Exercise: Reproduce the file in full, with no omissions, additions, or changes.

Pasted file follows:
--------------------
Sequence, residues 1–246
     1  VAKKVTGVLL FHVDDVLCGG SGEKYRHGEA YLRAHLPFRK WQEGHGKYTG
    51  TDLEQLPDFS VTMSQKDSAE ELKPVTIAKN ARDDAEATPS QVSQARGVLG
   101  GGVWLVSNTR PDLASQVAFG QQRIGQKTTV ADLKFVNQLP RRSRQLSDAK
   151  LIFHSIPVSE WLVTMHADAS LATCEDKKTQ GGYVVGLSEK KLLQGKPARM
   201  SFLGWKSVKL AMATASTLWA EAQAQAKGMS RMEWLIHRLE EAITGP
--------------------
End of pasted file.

Sequence, residues 1–246
     1  VAKKVTGVLL FHVDDVLCGG SGEKYRHGEA YLRAHLPFRK WQEGHGKYTG
    51  TDLEQLPDFS VTMSQKDSAE ELKPVTIAKN ARDDAEATPS QVSQARGVLG
   101  GGVWLVSNTR PDLASQVAFG QQRIGQKTTV ADLKFVNQLP RRSRQLSDAK
   151  LIFHSIPVSE WLVTMHADAS LATCEDKKTQ GGYVVGLSEK KLLQGKPARM
   201  SFLGWKSVKL AMATASTLWA EAQAQAKGMS RMEWLIHRLE EAITGP